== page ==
flow, rhythm

The joy of style

June 29, 2016 | 5 Comments

Ernest Hemingway’s incantatory prose

August 31, 2012 | 8 Comments

My posts about prose stylist Verlyn Klinkenborg made me think of Ernest Hemingway. Here’s the first paragraph of Hemingway’s 1926 story “In Another Country”: In the fall the war was always there, but we did not go to it any more. It was cold in the fall in Milan and the dark came very early. Then the electric lights came on, and it was pleasant along the streets looking in the windows. There was much game hanging outside the shops, …

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Noted: ‘Steal Like an Artist’

April 14, 2012 | 14 Comments

Your job is to collect good ideas. The more good ideas you collect, the more you can choose from to be influenced by.—Steal Like an Artist Austin Kleon is a writer and visual artist—collage and sketches and mashups—whose magical new little book is a smash hit, a New York Times bestseller. I’m eager to read it. Plus he’s from here in Ohio and attended an institution right down the road, Miami University of Ohio. His website and related pages, including …

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Noted: A moving essay on loss

December 17, 2010 | 6 Comments

The current New Yorker (December 13, 2010) includes an essay by Joyce Carol Oates, “A Widow’s Story,” subtitled “The last week of a long marriage,” about the unexpected swift decline and death of Oates’s husband of forty-seven years, the editor Raymond Smith, at age seventy-seven. “So much to say in a marriage, so much unsaid,” she writes simply of her regret. “You assume that there will be other times, other occasions. Years.” Here’s an excerpt: Ray read little of my …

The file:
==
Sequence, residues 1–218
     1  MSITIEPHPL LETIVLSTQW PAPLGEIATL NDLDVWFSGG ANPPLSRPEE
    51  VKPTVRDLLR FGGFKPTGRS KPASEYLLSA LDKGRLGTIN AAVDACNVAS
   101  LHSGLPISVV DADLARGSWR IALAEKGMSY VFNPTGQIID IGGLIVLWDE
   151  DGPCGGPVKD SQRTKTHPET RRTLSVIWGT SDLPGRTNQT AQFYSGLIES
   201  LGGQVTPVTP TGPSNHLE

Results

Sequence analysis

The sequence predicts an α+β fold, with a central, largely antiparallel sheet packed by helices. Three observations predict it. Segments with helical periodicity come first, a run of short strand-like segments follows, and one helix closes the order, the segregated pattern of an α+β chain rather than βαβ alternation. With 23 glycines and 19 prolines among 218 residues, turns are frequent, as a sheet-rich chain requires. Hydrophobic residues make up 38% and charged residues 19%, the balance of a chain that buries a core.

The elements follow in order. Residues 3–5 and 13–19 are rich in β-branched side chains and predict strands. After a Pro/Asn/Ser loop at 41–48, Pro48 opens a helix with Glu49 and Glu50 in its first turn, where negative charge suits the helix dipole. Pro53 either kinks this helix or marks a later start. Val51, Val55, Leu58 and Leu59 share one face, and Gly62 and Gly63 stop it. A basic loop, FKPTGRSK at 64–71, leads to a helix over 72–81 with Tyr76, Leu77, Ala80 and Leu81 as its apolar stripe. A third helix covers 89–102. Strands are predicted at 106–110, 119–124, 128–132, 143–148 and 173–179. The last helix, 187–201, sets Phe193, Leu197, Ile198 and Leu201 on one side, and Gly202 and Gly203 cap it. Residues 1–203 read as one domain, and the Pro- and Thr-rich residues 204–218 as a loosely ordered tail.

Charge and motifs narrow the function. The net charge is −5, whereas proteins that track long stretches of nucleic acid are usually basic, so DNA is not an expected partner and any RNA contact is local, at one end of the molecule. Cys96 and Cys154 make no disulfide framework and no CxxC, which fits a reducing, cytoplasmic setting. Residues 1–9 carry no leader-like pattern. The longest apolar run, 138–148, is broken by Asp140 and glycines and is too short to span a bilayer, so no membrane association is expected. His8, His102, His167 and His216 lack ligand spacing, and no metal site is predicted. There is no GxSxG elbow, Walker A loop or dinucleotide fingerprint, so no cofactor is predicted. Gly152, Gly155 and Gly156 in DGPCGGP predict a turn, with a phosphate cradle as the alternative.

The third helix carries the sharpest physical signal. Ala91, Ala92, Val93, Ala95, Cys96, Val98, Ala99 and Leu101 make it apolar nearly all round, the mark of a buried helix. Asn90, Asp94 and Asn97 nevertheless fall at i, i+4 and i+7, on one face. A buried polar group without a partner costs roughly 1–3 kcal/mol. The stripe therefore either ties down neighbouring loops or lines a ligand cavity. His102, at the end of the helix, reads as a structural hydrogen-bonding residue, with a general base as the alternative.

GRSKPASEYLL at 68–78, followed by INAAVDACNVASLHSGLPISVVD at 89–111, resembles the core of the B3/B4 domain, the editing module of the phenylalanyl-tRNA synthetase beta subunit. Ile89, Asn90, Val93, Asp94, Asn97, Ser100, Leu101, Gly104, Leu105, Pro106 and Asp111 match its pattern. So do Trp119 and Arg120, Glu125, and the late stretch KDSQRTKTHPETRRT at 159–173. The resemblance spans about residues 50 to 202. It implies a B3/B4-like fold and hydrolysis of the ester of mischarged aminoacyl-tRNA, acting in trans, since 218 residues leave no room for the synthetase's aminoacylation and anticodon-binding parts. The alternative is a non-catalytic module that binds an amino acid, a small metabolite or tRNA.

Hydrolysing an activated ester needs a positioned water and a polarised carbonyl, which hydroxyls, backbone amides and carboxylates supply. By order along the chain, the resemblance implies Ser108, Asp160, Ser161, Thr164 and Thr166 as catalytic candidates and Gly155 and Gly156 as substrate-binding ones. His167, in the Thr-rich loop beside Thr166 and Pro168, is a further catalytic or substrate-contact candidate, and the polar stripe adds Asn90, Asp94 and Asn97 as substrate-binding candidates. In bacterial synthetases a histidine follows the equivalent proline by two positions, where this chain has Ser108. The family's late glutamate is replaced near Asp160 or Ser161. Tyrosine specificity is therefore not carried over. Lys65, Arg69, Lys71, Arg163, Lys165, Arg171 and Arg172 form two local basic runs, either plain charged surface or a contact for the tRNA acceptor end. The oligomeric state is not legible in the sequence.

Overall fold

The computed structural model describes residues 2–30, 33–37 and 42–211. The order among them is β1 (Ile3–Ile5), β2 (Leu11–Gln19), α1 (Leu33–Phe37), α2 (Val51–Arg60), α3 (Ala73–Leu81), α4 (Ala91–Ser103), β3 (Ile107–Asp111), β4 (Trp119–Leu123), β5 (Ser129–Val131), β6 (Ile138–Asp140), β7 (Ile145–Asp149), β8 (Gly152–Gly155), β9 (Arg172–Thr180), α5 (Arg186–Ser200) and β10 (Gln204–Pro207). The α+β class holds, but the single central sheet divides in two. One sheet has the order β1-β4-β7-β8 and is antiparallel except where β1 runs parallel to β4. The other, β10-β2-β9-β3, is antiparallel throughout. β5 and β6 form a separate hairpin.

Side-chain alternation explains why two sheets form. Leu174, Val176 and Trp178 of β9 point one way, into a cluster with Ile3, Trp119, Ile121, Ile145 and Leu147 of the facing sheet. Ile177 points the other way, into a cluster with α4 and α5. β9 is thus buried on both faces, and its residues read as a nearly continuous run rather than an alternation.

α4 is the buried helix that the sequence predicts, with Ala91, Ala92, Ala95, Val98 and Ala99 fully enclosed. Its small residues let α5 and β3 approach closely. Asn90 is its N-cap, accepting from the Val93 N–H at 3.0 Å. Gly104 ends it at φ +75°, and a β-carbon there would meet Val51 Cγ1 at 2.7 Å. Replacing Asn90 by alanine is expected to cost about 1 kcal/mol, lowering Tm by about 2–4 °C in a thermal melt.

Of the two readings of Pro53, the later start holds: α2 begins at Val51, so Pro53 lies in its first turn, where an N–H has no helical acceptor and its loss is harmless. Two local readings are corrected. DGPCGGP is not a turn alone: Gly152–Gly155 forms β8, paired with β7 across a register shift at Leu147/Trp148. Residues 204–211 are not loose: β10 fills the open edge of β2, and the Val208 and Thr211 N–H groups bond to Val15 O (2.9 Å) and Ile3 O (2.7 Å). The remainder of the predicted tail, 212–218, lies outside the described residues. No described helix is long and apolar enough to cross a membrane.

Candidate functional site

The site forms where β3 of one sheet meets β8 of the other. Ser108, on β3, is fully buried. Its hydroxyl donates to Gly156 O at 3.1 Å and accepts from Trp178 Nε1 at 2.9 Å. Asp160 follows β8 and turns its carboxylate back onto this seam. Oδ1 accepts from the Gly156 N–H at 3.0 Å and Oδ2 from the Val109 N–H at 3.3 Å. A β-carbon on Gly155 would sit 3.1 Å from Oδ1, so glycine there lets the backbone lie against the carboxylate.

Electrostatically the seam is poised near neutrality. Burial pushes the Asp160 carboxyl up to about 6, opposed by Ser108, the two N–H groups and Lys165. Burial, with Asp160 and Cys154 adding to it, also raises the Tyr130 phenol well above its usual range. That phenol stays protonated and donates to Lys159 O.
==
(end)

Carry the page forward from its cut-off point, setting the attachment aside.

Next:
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Lessons from writing my memoir . . .

August 22, 2010 | 17 Comments

Five years ago I began writing a memoir about my experiences farming in Appalachian Ohio. My official start was September 1, as I recall, but I was gearing up at this time of year, in late August, when the common Midwestern wildflowers are blooming. Right now, you can see flowering together in fertile meadows and damp unkempt roadsides: purple ironweed, saffron goldenrod, yellow daisies, and, above it all, the airy mauve bursts of Joe Pye weed. Shade trees look dusty …

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Rhythm & flow in works of prose

October 6, 2009 | 3 Comments

Varying length, structure of sentences fosters voice & musicality. Clarity is a high virtue, but so is beauty; and increasingly I see that it is from varying length and sentence structure that writers achieve voice, rhythm, emphasis, and musicality. Variation works because we naturally vary our speaking rhythm when we’re emotionally connected to what we’re saying: “He fouled me! That jerk! Coach! You’re always telling us This is just a scrimmage—we’re still on the same team—don’t get carried away. Didn’t  you …

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A nifty concise essay

September 4, 2009 | 2 Comments

David Bailey—magazine journalist, restaurant critic and worker, foodie and barista, knockabout North Carolina writer, and my friend—has posted a delightful concise essay, “Daddy Needs a New Pair of Shoes,” on his blog, My Pie Hole. It’s a ramble, with visuals, voice, and flow. A taste: “I’ll admit that the kitchen dress code was easy to comply with: t-shirts, white sox, black pants and black shoes. The shoes were a trifle irksome, though. One pair admittedly looked a little worse for …

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